As the Model 'T' triumphed, Henry Ford became deeply invested in his own myth. He established newspapers to promote his views, he promoted the values of 'physical fitness' and 'positive thinking' as if those characteristics were the reason his enterprise had succeeded. At every point, we learn, Ford associated himself...his character, his upbringing, and his outlook...with his own success. Watts notes that Ford applied those standards, selectively, on others:

The first thing I would consider is health. I would never choose a man who looked sickly, weak, or run down. A man who does not care enough about this own body to take proper care of it and keep it in a high state of efficiency is not likely to care enough about somebody else's business to give it efficient management. (Watts, 31)

(It was precisely this mindset that led Ford to badger and torment his own son, Edsel, who was both a smoker and a drinker...and nowhere as physically robust as his father...until Edsel's premature death at 49.)

As the years wore on, it became harder for Ford to tell where the 'mythic character' of Henry Ford ended...and the reality of having been a man with some brilliant ideas who was in the right place at the right time began. (That contradiction, at the end of the day, lies at the heart of the American identity.) Ford's anti-Semitism, his anti-labor views and the ever-increasing pace of his assembly lines put the lie to his folksy benficence. Edmund Wilson got to the core of the mature Ford's contradictions, as Watts writes:

Edmund Wilson, already establishing his reputation as a trenchant social critic, skillfully dissected the Ford psyche as well as the Ford Company. He offered the usual accolades, describing Ford as "A mechanical and industrial genius" who had created an inexpensive, indestructible car for ordinary Americans. But he also decried the fact that as the years went by Ford seemed to care less and less about his workers' welfare, had become increasingly addicted to self-advertising, and had surrounded himself with yes-men who feared to diagree with him. The discrepancy between declining wages and a speeded-up assembly line for employees on the one hand, and Ford's image as a benefactor of the working man on the other, constituted a fraud at the heart of his reputation...[snip]... Ford, Wilson concluded, had become "The Despot of Dearborn."(Watts, 349)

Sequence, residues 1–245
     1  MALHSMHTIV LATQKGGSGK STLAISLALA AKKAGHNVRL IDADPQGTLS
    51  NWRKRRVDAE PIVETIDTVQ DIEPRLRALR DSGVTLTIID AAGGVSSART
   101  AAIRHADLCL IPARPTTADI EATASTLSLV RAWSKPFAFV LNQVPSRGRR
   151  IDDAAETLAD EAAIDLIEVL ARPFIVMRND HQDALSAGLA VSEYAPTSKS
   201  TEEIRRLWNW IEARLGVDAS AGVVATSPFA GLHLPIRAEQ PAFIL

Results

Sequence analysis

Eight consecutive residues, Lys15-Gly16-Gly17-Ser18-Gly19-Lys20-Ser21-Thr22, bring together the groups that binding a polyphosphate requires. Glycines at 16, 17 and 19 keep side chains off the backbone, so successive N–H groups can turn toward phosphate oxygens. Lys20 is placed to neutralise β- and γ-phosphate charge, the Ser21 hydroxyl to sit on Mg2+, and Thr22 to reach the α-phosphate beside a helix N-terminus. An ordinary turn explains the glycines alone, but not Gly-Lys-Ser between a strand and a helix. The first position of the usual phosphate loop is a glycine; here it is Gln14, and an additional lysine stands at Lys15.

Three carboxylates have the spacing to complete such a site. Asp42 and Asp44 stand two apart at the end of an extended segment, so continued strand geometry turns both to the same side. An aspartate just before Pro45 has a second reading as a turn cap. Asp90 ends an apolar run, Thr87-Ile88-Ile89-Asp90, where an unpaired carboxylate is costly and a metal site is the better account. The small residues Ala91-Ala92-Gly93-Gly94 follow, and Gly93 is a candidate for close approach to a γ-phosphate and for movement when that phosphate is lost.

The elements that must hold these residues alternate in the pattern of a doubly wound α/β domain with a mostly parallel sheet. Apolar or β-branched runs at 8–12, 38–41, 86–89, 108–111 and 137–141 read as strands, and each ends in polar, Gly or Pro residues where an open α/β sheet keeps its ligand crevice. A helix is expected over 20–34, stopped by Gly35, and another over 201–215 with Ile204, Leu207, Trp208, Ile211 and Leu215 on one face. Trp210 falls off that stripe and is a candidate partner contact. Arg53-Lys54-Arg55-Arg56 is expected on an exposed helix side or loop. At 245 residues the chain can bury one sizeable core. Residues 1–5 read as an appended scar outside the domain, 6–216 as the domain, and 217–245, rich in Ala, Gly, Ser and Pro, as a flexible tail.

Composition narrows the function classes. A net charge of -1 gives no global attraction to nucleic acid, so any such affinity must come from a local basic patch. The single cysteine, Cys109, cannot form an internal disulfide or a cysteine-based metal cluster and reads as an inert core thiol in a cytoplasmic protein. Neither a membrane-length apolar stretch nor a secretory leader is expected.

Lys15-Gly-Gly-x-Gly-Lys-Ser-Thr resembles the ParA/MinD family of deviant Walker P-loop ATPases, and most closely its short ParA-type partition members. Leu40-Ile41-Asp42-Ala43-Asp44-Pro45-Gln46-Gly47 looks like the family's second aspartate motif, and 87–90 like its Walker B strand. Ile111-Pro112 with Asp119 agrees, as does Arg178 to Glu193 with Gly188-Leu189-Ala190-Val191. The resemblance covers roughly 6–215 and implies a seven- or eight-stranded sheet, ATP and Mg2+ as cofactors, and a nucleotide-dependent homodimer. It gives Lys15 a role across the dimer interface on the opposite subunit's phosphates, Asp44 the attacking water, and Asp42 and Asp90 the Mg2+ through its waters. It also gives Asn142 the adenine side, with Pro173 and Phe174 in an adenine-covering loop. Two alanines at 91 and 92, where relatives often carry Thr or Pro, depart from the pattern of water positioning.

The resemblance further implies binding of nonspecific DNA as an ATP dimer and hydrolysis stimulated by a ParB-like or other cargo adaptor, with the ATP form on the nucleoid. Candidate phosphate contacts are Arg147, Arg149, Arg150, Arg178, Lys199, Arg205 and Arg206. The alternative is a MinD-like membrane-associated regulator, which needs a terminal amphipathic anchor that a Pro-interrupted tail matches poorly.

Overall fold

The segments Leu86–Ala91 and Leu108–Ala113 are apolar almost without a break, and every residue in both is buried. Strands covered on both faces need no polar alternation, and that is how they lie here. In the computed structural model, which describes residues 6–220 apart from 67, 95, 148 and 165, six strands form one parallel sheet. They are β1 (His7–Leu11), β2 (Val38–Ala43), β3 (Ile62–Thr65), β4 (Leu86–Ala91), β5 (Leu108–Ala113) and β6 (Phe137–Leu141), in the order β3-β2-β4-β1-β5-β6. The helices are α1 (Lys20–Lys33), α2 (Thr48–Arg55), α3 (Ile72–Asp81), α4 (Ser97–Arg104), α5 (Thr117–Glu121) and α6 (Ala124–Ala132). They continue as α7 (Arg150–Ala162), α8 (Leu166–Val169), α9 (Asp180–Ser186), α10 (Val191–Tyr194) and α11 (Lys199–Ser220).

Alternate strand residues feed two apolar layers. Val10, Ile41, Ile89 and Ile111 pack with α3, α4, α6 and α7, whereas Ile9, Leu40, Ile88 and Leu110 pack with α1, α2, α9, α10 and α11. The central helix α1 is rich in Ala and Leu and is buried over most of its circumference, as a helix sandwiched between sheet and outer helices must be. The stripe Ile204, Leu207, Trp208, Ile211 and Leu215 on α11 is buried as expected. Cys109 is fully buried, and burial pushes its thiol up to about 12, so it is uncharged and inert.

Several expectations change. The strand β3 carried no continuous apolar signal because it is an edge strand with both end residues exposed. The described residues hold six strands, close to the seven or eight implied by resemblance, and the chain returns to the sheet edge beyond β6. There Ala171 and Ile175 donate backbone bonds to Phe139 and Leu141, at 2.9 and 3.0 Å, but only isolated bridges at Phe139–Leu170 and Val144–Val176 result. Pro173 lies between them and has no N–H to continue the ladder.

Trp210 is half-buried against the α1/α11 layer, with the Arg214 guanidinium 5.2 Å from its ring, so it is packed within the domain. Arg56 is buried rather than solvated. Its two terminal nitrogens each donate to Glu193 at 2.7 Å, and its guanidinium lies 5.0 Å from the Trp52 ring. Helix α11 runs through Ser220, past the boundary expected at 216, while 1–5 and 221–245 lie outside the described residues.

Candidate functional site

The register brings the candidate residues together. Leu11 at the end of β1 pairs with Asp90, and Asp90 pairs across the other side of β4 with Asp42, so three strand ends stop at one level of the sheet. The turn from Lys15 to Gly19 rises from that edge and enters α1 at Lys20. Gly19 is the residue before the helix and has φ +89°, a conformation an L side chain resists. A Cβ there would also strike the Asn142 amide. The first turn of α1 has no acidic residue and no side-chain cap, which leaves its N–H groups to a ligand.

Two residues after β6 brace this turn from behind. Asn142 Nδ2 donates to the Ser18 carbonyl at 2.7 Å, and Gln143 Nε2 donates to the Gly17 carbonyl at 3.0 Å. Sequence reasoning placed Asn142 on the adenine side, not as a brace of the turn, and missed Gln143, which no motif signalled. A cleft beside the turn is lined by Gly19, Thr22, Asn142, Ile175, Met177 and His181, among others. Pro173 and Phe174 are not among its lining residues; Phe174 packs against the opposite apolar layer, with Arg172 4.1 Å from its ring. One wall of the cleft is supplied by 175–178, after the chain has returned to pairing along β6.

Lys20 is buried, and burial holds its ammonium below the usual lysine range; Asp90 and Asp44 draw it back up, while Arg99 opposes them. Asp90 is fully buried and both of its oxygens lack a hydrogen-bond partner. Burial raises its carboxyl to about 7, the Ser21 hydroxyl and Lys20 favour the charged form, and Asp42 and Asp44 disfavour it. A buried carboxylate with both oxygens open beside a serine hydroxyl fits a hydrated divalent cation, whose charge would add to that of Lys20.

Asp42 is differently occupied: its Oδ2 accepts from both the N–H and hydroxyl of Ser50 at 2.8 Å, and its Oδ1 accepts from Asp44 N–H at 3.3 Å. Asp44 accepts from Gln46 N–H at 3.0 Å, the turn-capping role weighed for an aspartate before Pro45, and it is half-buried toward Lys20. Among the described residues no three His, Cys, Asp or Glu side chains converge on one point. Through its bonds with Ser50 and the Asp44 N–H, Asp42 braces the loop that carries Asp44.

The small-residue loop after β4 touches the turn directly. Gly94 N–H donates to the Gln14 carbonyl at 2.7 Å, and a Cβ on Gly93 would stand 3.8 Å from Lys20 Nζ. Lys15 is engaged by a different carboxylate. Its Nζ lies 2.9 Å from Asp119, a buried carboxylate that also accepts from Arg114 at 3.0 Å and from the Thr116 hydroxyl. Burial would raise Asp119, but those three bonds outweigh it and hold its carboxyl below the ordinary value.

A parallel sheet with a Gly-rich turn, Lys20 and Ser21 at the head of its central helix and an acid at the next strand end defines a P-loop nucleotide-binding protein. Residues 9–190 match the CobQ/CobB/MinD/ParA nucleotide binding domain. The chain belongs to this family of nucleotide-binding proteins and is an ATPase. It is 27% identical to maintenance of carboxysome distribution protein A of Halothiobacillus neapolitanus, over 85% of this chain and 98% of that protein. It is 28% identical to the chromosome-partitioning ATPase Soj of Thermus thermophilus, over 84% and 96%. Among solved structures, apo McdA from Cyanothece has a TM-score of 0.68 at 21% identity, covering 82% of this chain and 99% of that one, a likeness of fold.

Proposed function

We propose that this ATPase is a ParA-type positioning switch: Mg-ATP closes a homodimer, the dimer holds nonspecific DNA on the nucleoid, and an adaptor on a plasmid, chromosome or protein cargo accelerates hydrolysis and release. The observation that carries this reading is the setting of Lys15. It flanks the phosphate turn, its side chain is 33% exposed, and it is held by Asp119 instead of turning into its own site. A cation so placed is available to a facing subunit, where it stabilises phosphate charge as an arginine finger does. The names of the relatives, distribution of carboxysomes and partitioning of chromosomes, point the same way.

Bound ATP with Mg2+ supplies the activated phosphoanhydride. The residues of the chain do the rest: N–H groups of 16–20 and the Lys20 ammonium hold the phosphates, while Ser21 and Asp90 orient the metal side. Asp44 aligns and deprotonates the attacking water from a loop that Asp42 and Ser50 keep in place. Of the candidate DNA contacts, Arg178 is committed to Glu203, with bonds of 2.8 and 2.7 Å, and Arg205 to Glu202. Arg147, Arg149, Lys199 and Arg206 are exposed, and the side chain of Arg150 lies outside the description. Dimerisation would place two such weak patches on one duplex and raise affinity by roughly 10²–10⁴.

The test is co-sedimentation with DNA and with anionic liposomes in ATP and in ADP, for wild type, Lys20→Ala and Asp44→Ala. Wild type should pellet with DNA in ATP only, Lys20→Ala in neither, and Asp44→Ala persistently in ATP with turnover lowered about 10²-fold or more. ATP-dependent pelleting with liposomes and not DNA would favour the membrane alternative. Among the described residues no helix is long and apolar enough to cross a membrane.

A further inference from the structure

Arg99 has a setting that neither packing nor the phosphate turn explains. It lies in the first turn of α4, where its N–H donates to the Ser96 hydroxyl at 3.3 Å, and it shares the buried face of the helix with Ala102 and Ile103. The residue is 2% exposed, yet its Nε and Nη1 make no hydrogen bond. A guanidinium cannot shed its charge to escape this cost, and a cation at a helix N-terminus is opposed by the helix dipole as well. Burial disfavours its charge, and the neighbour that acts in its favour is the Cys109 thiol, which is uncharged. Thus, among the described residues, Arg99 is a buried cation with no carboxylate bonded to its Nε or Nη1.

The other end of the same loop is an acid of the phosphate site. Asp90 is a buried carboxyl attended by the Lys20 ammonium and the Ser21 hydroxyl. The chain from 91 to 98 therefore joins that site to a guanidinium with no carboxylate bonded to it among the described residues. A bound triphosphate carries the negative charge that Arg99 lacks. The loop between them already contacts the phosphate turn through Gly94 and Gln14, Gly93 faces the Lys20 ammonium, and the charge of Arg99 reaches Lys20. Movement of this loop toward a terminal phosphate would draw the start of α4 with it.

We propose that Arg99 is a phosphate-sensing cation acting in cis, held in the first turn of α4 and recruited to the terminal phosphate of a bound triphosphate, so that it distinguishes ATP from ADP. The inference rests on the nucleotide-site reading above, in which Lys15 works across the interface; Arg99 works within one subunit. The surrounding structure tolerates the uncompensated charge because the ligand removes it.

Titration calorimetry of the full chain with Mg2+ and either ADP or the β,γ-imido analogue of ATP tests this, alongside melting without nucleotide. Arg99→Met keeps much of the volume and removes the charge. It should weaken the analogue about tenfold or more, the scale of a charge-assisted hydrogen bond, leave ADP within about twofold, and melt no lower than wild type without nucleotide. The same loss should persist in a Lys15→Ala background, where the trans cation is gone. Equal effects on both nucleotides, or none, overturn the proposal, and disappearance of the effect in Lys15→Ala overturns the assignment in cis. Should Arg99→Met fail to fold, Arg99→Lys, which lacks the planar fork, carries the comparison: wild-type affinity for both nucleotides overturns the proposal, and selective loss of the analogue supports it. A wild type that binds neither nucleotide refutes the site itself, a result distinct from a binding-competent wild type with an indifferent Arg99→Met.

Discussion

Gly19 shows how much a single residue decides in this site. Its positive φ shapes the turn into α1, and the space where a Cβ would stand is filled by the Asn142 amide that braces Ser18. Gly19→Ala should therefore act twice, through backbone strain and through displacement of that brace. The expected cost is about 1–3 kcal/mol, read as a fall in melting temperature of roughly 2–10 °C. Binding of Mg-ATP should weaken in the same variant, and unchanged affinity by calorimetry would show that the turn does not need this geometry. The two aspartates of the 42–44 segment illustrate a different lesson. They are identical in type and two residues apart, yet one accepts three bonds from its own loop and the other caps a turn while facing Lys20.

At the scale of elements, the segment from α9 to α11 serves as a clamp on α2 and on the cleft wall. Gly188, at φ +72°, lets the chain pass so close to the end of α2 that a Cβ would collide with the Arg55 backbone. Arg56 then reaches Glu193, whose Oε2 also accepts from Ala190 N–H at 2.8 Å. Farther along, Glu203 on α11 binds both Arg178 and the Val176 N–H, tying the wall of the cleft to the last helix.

Despite the darker side of Ford apparent to contemporaries like Wilson, it is precisely the image of the ingenious, self-made man that led Americans to embrace Henry Ford as the first "hero" of the Industrial Age. Steven Watts biography explores this terrain well.

Reading Watt's version of Ford's life got me thinking about how that same myth-making was at work, both personally and politically, in the career of Ronald Reagan and the current presidency of George W. Bush. There are deep similarities in viewpoint and appeal, but, at the core of the comparison lies a comfortable conviction that American power stems from a moral uprightness rooted in our national character...that our power represents a shared destiny...that material success is a reward for our virtues. This point of view is so engrained in our national culture that we fail to see it though it swims before our very eyes. Reagan and Bush both used this point of view to their advantage.

We live today in Henry Ford's world as much as we live in Ronald Reagan's: Consumer-driven. Corporate-dominated. Firmly entrenched in a culture of American exceptionalism and moral uprightness. We are comfortable in the myths we tell ourselves. Scandals don't seem to disabuse us of the notion of our moral superiority. Like Henry Ford, we believe that our material success is an indicator of our virtue. In that context, of course, it is perhaps only material failure that would have the power to bring those myths crashing down.

Politicians like Ronald Reagan and George W. Bush have been adept at playing into this mindset, in particular finding ways to connect with a pro-corporate, pro-consumption, patriotic populism very similar to Ford's own views. Steven Watts's biography of Henry Ford points out the insights to be gained in paying attention to where our national myths come from...both to understand those myths' hold upon the American public...and to understand the tacit assumptions and contradictions implicit in that oft-used phrase the American way of life.